"Integrated Analysis of Transcriptome and Secretome From Umbilical Cord Mesenchymal Stromal Cells Reveal New Mechanisms for the Modulation of Inflammation and Immune Activation "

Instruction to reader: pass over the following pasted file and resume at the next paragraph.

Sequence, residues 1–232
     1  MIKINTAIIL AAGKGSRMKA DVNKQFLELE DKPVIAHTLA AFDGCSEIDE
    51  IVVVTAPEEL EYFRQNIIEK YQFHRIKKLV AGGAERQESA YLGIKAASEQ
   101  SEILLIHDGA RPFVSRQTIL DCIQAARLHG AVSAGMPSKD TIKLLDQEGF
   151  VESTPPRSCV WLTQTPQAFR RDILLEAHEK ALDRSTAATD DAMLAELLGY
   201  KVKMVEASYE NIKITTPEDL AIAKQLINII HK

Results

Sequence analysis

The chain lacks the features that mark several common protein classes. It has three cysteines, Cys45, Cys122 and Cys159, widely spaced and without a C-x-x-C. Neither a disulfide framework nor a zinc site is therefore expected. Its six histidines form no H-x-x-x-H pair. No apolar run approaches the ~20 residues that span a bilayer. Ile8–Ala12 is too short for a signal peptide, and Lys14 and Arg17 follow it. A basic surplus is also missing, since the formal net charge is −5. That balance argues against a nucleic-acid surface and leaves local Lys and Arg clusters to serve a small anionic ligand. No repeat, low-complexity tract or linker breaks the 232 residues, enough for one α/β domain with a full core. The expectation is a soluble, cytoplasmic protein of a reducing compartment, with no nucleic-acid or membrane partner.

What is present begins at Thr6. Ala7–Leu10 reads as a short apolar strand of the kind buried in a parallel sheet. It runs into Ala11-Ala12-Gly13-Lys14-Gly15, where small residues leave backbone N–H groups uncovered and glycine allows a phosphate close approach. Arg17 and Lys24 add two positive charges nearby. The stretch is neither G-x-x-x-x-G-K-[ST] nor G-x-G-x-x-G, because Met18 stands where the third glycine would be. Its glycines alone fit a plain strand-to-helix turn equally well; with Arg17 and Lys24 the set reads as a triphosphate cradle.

"Mesenchymal stromal cells (MSC) have been used in over 800 clinical trials with encouraging results in the field of transplant medicine and chronic inflammatory diseases. Today, Umbilical Cord (UC)-derived MSC are the second leading source used for clinical purposes, mainly due to its easy access and superior immune modulatory effects. Although the underlying molecular mechanisms of immune suppressive activities have not been fully understood, research over the last decade strongly suggests that MSC-mediated benefits are closely related to activation of secretome networks. Nevertheless, recent findings also point to cytokine-independent mechanisms as key players of MSC-mediated immune modulation. Here, we set up a robust in vitro immune assay using phytohemagglutinin- or anti-CD3/CD28-treated human peripheral blood mononuclear cells in cell-to-cell interaction or in cell-contact independent format with UC-MSC and conducted integrated transcriptome and secretome analyses to dissect molecular pathways driving UC-MSC-mediated immune modulation. Under inflammatory stimuli, multiparametric analyses of the secretome led us to identify cytokine/chemokine expression patterns associated with the induction of MSC-reprogrammed macrophages and T cell subsets ultimately leading to immune suppression. UC-MSC transcriptome analysis under inflammatory challenge allowed the identification of 47 differentially expressed genes, including chemokines, anti- and pro-inflammatory cytokines and adhesion molecules found also in UC-MSC-immunosupressive secretomes, including the novel candidate soluble IL-2R. This study enabled us to track functionally activated UC-MSC during immune suppression and opened an opportunity to explore new pathways involved in immunity control by UC-MSC. We propose that identified immunomodulatory molecules and pathways could potentially be translated into clinical settings in order to improve UC-MSC-therapy quality and efficacy.